Samir and Yonatan by Daniella Carmi

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Carmi, Daniella.  Translated by Yael Lotan.  1994.  SAMIR AND YONATAN.  New York:  Scholastic Signature.  ISBN: 0-439-13523-0.

Daniella Carmi's Samir and Yonatan is the story of a friendship between a Palestinian boy and Jewish boy living in Israel.  When Samir, a Palestinian boy who lives in the West Bank, smashes his knee during bike accident, his family is able to get him treatment at an Israeli hospital.  Samir's family is unable to visit him in the hospital due to the distance and travel restrictions on Palestinians.  During the separation from his family, Samir is able to come to terms with the death of his younger brother, Fadi, shot by Israeli soldiers, and examine its effect on his family:  his father does not speak to the children, his mother works two jobs, his older brother has gone to Kuwait to work, and his blind grandfather just sits and smokes and "shrivels up."  Samir shares a room with four Israeli children, the wild Tazi, Yonatan, who is a bookworm and knows all about the stars, Razia, whose father put her in the hospital following a drunken rage, and Ludmilla, who looks like a princess, but refuses to eat and stares into space patting a stuffed rabbit.  The children become a surrogate family during their expended stay at the hospital, but it is Yonatan and Samir who develop a special bond.  Because of his friendship with Yonatan, Samir begins to see Israelis as something other than killers. With Samir, Yonatan is able to share his dreams of the stars and space travel by sharing a computer game where everyone is the same and they are able to travel the solar system.

Israeli author Carmi has succeeded in crafting a story that is able to convey the situation in Israel's West Bank and the life of the Palestinians who live there in a way that even those who are unfamiliar with the history or politics of the region can understand.  Samir's grandfather is the son of a doctor and before Israel was settled after World War II, his family lived in a big beautiful house that overlooked the ocean.  There is now a café where that home stood.  Samir remembers the blackouts and curfews and restricted movement.  He remembers the constant fear of the Israeli soldiers attacking for no reason.  He remembers the economic problems due to isolation and fear and that his father is no longer able to support the family with his small barbershop because people are now cutting their own hair.  Samir enjoys the plentiful food available at the hospital and Yonatan, who is a vegetarian, gives his friend the meat from his meals.  Meat is too scarce and too expensive to be a staple in Samir's diet at home.  Samir also remembers that in his village they never knew what was going on and had to listen to the radio and television and rely on the neighbors for news.  An American doctor from Chicago performs Samir's knee surgery and reminds him of the doctors on the American TV show they watch every Monday night on Jordanian television.  During his hospitalization, Samir learns that not all Israelis are his enemies, that he can trust his roommates and the nurses and doctors who care for him.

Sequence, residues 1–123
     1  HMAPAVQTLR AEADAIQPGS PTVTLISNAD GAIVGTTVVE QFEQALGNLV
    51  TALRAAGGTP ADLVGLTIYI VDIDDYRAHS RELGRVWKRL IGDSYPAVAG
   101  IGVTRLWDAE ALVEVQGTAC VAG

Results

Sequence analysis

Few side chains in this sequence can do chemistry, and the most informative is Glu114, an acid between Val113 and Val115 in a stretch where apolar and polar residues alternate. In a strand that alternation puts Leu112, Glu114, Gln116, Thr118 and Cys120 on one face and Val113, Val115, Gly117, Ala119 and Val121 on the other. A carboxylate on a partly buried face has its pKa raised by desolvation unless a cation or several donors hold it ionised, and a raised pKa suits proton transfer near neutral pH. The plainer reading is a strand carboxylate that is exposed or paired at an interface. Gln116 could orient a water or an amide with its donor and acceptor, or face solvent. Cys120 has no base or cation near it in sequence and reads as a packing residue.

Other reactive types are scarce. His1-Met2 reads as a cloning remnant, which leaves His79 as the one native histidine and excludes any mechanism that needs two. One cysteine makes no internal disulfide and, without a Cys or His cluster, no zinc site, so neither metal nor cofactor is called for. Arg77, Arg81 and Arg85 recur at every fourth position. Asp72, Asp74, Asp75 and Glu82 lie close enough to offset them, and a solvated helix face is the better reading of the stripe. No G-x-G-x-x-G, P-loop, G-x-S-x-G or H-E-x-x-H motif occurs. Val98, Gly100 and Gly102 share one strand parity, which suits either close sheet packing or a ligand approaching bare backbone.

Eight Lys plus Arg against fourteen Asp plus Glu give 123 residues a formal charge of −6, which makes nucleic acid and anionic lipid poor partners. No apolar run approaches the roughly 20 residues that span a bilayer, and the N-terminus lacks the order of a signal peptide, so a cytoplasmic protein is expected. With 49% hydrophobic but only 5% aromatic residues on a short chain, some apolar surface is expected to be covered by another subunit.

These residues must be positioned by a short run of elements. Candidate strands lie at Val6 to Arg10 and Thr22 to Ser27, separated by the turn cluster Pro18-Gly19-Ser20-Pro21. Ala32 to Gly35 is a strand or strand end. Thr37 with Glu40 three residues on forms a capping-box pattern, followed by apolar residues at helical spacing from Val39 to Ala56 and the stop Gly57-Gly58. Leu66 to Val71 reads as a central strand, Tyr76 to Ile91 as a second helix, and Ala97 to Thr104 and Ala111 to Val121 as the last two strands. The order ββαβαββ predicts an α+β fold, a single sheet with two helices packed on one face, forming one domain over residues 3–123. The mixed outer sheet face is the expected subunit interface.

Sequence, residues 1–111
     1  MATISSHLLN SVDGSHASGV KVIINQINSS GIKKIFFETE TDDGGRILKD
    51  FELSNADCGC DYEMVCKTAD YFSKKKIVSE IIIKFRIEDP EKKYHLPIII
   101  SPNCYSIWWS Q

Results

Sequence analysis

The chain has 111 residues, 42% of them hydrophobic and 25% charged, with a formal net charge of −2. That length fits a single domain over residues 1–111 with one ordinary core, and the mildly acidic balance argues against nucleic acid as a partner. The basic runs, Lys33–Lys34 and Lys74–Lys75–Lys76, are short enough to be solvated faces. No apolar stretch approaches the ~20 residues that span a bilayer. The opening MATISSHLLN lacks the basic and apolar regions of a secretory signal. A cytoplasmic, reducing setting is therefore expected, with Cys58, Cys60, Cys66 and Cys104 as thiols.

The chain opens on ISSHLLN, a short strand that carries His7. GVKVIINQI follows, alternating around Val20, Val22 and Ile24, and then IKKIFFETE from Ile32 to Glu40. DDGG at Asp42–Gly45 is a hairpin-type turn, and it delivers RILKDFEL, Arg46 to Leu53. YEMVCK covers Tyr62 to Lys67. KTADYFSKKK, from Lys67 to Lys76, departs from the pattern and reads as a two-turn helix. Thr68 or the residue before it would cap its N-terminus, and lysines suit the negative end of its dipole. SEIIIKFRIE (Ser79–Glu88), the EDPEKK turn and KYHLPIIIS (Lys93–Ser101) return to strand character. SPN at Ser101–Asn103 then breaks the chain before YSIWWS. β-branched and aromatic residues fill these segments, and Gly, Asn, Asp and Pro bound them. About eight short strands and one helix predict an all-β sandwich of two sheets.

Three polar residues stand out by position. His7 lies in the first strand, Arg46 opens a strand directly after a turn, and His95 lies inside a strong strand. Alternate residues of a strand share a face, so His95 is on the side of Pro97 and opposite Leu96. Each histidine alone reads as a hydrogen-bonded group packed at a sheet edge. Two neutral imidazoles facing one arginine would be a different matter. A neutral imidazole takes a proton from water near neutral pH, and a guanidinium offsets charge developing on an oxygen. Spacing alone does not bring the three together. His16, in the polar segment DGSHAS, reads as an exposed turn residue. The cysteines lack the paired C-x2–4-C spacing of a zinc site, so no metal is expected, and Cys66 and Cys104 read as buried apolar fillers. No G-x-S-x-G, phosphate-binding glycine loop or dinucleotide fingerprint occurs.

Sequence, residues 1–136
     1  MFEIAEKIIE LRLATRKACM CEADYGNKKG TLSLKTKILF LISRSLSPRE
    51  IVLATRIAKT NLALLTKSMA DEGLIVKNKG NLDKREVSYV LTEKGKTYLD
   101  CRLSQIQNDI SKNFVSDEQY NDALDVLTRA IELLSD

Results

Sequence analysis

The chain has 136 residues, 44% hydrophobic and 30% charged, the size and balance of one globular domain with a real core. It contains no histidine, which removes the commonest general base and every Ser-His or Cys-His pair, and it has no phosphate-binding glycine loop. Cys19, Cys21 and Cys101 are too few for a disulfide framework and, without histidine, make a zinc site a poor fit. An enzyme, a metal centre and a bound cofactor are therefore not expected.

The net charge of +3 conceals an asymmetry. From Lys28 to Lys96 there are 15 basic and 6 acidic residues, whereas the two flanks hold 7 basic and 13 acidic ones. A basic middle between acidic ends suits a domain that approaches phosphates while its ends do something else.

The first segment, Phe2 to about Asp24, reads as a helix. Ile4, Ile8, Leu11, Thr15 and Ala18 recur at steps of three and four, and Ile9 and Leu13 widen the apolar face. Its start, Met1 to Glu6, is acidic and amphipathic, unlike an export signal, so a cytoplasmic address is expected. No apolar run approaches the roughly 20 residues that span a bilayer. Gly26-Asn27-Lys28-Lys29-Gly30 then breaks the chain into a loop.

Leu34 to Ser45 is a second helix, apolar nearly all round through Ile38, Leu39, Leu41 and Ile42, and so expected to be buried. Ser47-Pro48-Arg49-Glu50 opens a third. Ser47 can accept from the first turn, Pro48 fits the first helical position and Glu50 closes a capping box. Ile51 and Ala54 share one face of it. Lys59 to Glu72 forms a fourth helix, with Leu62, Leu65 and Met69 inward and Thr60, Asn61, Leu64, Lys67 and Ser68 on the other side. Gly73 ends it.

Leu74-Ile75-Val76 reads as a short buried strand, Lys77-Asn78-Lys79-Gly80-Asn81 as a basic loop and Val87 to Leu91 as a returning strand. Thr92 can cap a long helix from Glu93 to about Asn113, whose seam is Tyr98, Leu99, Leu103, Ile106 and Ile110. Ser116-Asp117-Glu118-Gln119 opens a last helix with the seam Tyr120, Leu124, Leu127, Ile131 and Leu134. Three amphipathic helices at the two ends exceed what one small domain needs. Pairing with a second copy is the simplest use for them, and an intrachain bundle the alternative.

Samir and Yonatan bond over the stars.  "The stars are always there even in hard times.  Stars don't vanish when there's a curfew."  That one common interest allows Samir to realize that although at first glance he and Yonatan are very different, inside they are very much alike.  This message is one that benefits children around the world, not just those in the Middle East.

Samir and Yonatan won the ALA's Mildred Batchelder Award for best translated novel and the Middle East Outreach Council Award for outstanding book about the Middle East for children and young people.  It was also chosen as a Notable Book for a Global Society 2001 and is on the IBBY Honor List.

Works cited:

Arthur A. Levine Website. .  Accessed April 25, 2006.

by Monica Wood